In 1995, Putch moved to Miami, where he married. “Thanks to my wife’s insistence to find a proper job, I ended up in the racehorse business on a full-time basis,” he said. “I went to the Keeneland September 1995 Book 1 sale and couldn’t believe the number of six-figure prices that went through the ring. It was mind-boggling, having been used to seeing Hanoverian horses in Germany selling for around €10,000.”
Seeking an edge
Putch realised that, if he was going to get into this game in a big way, he needed to carry out some research and get advice. “I analysed what had taken place after the sale and noticed Book 1 yearlings that had been pinhooked as foals were more expensive second time round. So I thought there was money to be made in this line of business.”
He took advice from Kentucky bloodstock consultant Cecil Seaman, who has a method of measuring horse’s bodies, balance and leverage. “I saw Seaman’s ad in a newspaper and knew how athletes were measured and thought there was something in it,” said Putsch. “He measures all the horses in a sale which takes two minutes for each and gives his assessment, with breeding not so important to him.”
On Seaman’s recommendation, Putsch bought three foals and a mare at the Keeneland November 1995 sale for $30,000, $75,000 and $110,000 and a filly out of training, Light Of My Life, by Green Dancer, for $60,000. “With the foals I lost money, but I got lucky with the filly, who had a Sharp Cat half sister that became a Grade 1 winner, and I re-sold her in foal to Diesis for $210,000.”
Getting started in Europe
Putsch started to get more involved in buying and selling racehorses on a full-time basis. Coming from a wealthy family, he initially persuaded his father to lend him some money to get started in the States for buying and selling horses. “In 1997, I sold my share of the company’s car seat business, which gave me sufficient capital,” he said. “In December 1997, I moved back to Europe with my wife, and after a brief spell in England settled in Monaco.”
Putsch had built up a number of connections in racing and was able to get started in Europe. “I had boarded horses at Brereton Jones’s Airdrie Stud in Kentucky and, through his advice, was put in touch with Jean Louis Branere, who was a bloodstock agent, and began buying, selling and breeding horses and using French studs Haras D’Etreham and Haras De Fresnay-Le-Buffard, and Loughbrown Stud in Ireland.”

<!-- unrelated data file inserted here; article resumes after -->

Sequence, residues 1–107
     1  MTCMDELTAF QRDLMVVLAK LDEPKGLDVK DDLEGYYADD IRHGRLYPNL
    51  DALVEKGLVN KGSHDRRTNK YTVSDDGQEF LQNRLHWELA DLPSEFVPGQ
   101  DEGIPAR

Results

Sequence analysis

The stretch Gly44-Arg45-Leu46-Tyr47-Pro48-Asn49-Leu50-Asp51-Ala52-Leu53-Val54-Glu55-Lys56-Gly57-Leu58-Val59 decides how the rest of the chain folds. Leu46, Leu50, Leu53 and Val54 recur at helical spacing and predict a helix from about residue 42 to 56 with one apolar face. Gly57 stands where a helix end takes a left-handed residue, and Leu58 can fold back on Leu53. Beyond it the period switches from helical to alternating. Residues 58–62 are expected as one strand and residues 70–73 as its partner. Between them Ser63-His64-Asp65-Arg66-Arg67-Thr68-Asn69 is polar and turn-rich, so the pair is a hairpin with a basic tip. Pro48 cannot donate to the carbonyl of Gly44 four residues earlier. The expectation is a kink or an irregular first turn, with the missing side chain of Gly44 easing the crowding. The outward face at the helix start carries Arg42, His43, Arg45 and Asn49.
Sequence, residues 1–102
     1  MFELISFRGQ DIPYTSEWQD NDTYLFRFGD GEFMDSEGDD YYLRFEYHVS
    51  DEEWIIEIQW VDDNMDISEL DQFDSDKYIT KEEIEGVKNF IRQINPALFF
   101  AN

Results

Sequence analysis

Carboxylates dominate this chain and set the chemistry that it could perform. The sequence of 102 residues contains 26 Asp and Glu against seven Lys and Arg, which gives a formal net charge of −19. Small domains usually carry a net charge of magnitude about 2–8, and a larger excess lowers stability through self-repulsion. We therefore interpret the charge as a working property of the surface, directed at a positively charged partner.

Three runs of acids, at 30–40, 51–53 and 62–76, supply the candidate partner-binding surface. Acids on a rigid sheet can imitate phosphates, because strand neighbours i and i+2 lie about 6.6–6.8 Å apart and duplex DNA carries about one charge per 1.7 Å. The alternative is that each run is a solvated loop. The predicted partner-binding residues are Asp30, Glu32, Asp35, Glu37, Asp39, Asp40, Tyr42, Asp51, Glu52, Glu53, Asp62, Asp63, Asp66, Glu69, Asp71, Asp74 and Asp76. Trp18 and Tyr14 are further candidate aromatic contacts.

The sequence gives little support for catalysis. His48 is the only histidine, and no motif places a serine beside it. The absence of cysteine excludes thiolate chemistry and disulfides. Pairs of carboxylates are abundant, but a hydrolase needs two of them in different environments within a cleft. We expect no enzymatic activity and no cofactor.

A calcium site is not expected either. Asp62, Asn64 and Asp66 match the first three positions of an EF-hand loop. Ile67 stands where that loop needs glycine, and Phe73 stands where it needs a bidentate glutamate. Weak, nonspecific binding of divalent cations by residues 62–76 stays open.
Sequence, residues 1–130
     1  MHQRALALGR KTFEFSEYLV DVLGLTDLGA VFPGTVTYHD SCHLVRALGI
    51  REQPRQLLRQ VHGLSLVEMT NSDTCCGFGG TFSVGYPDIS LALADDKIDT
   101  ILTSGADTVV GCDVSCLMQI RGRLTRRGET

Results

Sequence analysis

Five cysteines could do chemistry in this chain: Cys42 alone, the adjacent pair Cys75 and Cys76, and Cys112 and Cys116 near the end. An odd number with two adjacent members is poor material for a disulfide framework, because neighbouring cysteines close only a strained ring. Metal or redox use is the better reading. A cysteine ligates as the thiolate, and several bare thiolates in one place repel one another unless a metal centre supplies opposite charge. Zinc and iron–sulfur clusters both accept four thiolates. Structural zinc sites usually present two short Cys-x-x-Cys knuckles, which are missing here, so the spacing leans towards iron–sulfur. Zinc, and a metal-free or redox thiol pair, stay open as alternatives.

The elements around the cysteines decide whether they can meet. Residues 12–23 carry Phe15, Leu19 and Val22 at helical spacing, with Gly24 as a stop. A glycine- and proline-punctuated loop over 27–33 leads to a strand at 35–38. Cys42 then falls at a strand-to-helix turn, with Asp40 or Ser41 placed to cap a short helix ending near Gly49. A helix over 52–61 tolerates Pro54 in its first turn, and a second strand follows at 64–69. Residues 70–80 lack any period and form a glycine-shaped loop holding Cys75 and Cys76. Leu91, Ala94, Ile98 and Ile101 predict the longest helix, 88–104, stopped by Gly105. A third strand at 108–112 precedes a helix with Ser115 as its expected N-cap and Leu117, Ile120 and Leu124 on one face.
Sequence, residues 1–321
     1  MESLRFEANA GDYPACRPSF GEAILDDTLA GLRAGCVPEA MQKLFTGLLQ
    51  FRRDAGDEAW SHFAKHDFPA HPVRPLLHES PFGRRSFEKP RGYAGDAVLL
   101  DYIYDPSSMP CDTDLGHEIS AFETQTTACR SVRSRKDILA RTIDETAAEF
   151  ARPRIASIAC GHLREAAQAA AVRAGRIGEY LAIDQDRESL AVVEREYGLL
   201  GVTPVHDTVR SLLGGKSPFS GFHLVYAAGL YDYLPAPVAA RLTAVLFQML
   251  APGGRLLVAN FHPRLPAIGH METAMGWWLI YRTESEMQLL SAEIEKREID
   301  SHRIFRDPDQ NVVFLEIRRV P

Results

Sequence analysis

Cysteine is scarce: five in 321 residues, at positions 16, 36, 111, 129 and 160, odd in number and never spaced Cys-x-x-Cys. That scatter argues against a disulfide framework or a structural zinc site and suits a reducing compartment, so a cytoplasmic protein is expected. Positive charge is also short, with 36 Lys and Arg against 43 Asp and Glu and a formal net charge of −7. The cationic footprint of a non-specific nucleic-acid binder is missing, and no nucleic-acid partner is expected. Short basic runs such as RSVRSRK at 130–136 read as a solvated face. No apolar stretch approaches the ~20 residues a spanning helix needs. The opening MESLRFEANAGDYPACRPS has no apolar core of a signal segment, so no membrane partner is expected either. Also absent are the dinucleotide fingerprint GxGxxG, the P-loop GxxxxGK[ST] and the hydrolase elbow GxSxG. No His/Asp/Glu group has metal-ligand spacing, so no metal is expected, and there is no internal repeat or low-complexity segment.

Putsch soon began to realise he would eventually need to have all his mares and offspring under one roof. “It was after the success of Pearly Shells in 2002 that I began to give this subject more serious consideration, and I looked to buy a stud in France for the both the breeding and owners’ premium advantage and as a country place for holiday weekends.”
Running an idyllic stud farm
It may have taken him five years to find his idyllic place, but according to Putsch when the historic 150-acre Normandy stud Haras de Saint Pair came on the market, the wait was worth it.
“I just fell in love with the place the first time I visited the stud, which was only on the market as the Swedish owner Bo Garansson had a health problem,” he said. “As others were interested, I acted quickly putting in a bid straight away for the whole lot - chateau, stables and land, which thankfully was accepted.
First started in 1883, the stud has had a number of owners and bred several big-race winners over the years, including four Prix de l’Arc de Triomphe successes.
“I run the stud as a business, but on quality not quantity,” said Putsch. “I have paddock space for around 100 mares, but too many would destroy the paddock grass and attract parasites, so there is never more than 50, which includes mares, foals and yearlings, at the stud at any one time, and sometimes up to a maximum 60.
“Everything born goes through the ring except the top fillies and, if they don’t reach the reserve, I buy them back to race. Breeding is a selective process. When you retire a filly from racing better than the least good [one you have at home], then the least good one has to go.”
Putch has never been afraid to put the money down when he wants something. He went to $2.1 million to buy the mare Amorama, in foal to Ghostzapper, at the Keeneland November 2007 sale, from previous owner Frank Stronach, who had previously paid $1.05 million for her at Fasig Tipton in 2005.
Amorama, a dual Del Mar G1 winner, died in 2015 on the same day that Ampere, her most promising offspring to date, was winning the G2 Prix Hocquart at Longchamp. The Andre Fabre-trained son of Galileo was subsequently a good second to Erupt in the G1 Grand Prix de Paris that July.
Ampere, who sustained a career-ending injury in the Prix Hocquart last season, is the third winner from Amorama’s first four foals. Her 4-year-old filly Amorine won twice in 2014 and is now at the stud and in foal to Sea The Stars.
Buying mares for Vadamos
At the Tattersalls December sale last year, Putsch splashed out again to buy four mares, three of them to be mated with Vadamos.